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Carl
Director, Registered Psychologist
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For the most part, men are expected to be strong, tough, stoic and overall, unemotional.

This is especially the case for most blokes working in trades and construction.

For a physically demanding job, its normal for tradies to keep in shape and discuss their physical health and fitness.
However, mental health is still not a common subject talked about on smoko or at knock off drinks. Showing emotions, crying and talking about mental struggles are not part of the tradie culture traditionally.

Looking after your mental health in conjunction with your emotional and physical health is a key component to doing your job well and enjoying life outside of work.

It’s time to add this emotional muscle to the tradie toolbox.

Unfortunately, there is still an entrenched masculine tradie culture that makes it difficult for men to speak out about their mental health.
The “you’ll be right mate” mentality and fear of being judged or seen as weak means that men are remaining silent about their issues. This toxic culture that emphasises self-reliance is largely responsible for tradies’ poor mental health.
And it’s why tradies who come to see us, often only do so once shit has hit the fan.

Some alarming stats:

 ·      Tradies/construction workers and ‘blue collar’ careers, have some of the highest suicide rate in Australia amongst men.

 ·      Construction workers are at least six times more likely to die by suicide than on workplace accidents.

 ·      190 construction workers die by suicide each year in Australia.

 Why would tradies struggle with mental health?

There is a lot of pressure placed on tradies to work hard. Long hours, physically demanding tasks in often unforgiving weather conditions can leave men feeling burnt out and disconnected from friends, family and themselves. Thus, resulting in a poor work/life balance.

Ignoring and not dealing with mental health issues can manifest itself in gambling, domestic violence, alcohol, drugs, excessive pornography, relationship/family breakdowns and bad financial choices.
Eventually, ‘sucking it up’ and remaining silent can lead men to become anxious, depressed, angry and even suicidal.

 

What you can do if you’re struggling:

Talk to someone:

This is easier said than done. Whether it be one of your work mates or a trusted partner or friend or even a professional, it’s essential to get it off your chest and not bottle up your issues, worries and concerns.  

If you notice a mate a work who might be struggling, find the time to have that difficult conversation with them about how they’re feeling and if everything is ok. Be part of the conversation around mental health and smashing the stigma that exists within the trade workplace.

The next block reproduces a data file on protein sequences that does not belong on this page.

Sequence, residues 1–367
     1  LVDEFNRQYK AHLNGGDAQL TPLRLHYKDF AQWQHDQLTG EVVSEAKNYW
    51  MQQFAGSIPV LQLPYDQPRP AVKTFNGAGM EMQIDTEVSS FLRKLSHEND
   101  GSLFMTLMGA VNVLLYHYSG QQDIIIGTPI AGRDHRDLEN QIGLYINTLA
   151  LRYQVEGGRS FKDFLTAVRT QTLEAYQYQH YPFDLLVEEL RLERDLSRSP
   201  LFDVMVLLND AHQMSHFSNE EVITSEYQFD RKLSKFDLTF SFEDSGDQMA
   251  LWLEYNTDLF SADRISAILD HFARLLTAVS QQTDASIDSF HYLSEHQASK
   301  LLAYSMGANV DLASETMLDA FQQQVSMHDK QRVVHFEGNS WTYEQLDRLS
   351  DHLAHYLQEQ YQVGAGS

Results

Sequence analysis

We need to change this culture that exists within this industry!

Educate yourself:

Knowledge is power. Being aware of mental health conditions, warning signs, symptoms and available support services can be extremely beneficial, for you and your work mates.

Reduce your workload/ take time off:

It might be time to address your struggles with your boss. Perhaps taking a break from work to re-evaluate your situation and what you can do moving forward to assist your mental health and wellbeing. We acknowledge this may be extremely difficult, depending on the culture of your workplace and how supportive and receptive they are.

Seek professional health:

Don’t wait until you hit ‘rock bottom’ to reach out for professional support.
There are various organisations out there that can assist tradies who are struggling with mental health issues and are great preventative measures.
Early intervention – getting help/support early, is the best thing you can do.

If you’re unsure how to go about this, a conversation with your GP is a great place to start. Hopefully they can direct you to the best service locally who can provide support and counselling specifically for men.

Regardless of where you’re based, you can always reach out to Blokes Psychology too and we’d also be happy to refer you to a local service who can assist you. Whilst they can be hard to find, there’s often services in most states whom specialise in mens mental health.

Helplines:

Mens Line Australia – 1300 78 99 78

Mates in Construction – 1300 642 111

Lifeline – 13 11 14

Beyond Blue - 1300 22 4636

Organisations:

HALT  (Hope Assistance Local Tradies)– https://thehaltbrekky.com/  

Incolink Blue Hats Suicide Prevention Initiative - https://www.incolink.org.au/wellbeing-support-services/bluehats-suicide-prevention/

Mates in Construction - http://matesinconstruction.org.au/vic/

References
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